I would like to make a motion: Instead of asking people “Where are you from?”, we only ask, “What is your personal relationship with snow?” The second question procures the same exact answer as the first, but in a much more interesting way. Well, that’s my central theory. Because if someone’s explaining to you how much or how little they’ve experienced snow, aren’t they going to mention the places they’ve lived? But even if they don’t, I believe the second question would on average lead to much more interesting answers. You can give your location of origin with two words, maybe one. But it is much harder to so succinctly describe one’s relationship with an entire category of precipitation.
For half of my childhood, I grew up in a city that seemed to have a force field to protect itself from natural disasters. There were no hurricanes, no tornados, no earthquakes, no forest fires, and not droughts. Sometimes it hailed. But that was it. However, neither was there snow. Well, there wasn’t snow in any meaningful sense of the word. Sometimes there would be a flurry, and it would be extremely exciting, and school would get canceled, but that doesn’t really count.
For the other half of my childhood, I’ve been living in a city that’s slightly less immune to earthly phenomenon. There are tornados. But there was also snow. The year before I moved, my mom told me how our family friends here had gone sledding in their neighborhood. Sledding. That sounded up to part with Disney World. From what I remember, that was the grandest selling point of the entire move. (At 18, that would still be the grandest selling point.)
And then for the ten years after I moved, that kind of snow absolutely did not happen, not even close. Sometimes it iced. And maybe it even snowed a few times? I don’t even remember because even if it did, the flakes were so puny that they weren’t worth remembering. However, my first year in this new city, there was a tornado lockdown at school. I don’t remember myself being seriously scared, but that could very well be me fabricating a more flattering version of events. I do remember it being pitch black outside, like night. Did you know happened during tornados? I’m pretty sure I didn’t at the time. I also remembering the teacher reading us picture books (dude, I wonder if she was freaking out in her head), and this boy next to me was super scared. Like existential crisis scared. Which honestly, was probably the most logical reaction.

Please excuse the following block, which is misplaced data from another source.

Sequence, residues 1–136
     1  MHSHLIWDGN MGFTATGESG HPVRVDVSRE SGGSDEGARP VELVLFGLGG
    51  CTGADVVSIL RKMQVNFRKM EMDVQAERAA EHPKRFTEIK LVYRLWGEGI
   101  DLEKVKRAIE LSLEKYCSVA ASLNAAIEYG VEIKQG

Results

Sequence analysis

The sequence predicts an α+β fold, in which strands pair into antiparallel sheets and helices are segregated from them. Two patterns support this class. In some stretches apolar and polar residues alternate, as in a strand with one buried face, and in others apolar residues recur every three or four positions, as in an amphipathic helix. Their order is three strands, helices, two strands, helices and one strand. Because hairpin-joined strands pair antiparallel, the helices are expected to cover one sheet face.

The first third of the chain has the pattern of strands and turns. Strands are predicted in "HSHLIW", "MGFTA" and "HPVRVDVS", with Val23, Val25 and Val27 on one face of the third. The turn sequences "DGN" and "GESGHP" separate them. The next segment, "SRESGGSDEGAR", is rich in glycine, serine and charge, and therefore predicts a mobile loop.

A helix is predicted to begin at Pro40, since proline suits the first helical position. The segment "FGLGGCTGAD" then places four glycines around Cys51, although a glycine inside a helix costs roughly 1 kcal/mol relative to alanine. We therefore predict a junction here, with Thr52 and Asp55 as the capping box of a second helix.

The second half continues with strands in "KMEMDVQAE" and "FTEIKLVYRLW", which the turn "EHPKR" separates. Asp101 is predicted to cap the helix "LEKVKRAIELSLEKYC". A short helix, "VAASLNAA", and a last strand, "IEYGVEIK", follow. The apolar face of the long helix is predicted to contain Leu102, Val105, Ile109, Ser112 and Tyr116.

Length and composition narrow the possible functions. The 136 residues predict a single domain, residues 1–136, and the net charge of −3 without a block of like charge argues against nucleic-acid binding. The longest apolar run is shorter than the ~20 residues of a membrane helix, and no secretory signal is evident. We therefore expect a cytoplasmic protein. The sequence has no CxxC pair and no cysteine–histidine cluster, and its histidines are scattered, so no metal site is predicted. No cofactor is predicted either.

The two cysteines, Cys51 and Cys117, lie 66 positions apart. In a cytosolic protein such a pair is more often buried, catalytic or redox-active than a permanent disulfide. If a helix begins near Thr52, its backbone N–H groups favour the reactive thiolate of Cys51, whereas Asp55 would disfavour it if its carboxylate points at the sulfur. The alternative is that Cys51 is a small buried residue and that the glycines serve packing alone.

But apparently, occasionally, life does like to dole some literary perfection into our mundane lives. Because this year, during my last school year of living in this city, it snows. LIKE REALLY SNOWS. LIKE FOR REAL. When I looked out my window this morning, the road and yards were blanketed. You couldn’t seen any concrete, any black streets. (Wait, now that I’m thinking about it, I can’t say for sure what color the streets in my neighborhood are. Actually, they’re just tan, right?) It was a winter wonderland.
Last week when there were rumors of coming snow and teachers telling us to prepare for staying at home, I had exactly zero reaction. It’s like the Boy Who Cried Wolf. Once you’ve experienced too much of the Weather Apps Who Cried Snow, you just stop getting excited every time. (Wait a second, gotta step in and fact check myself here. That is not true. I have friends who still get excited every time. Maybe this is just an area I get easily jaded in.)
And then yesterday, it started snowing. LIKE REALLY SNOWING. My mom had us go outside to take pictures, and a mother-daughter pair passed, carrying things under their arms that I couldn’t identify. One looked like a sheet of plastic, and the other looked like Captain America’s shield if it was copper. I called out to them and asked where they were going. They were going sledding at the hill nearby, they answered. Sledding.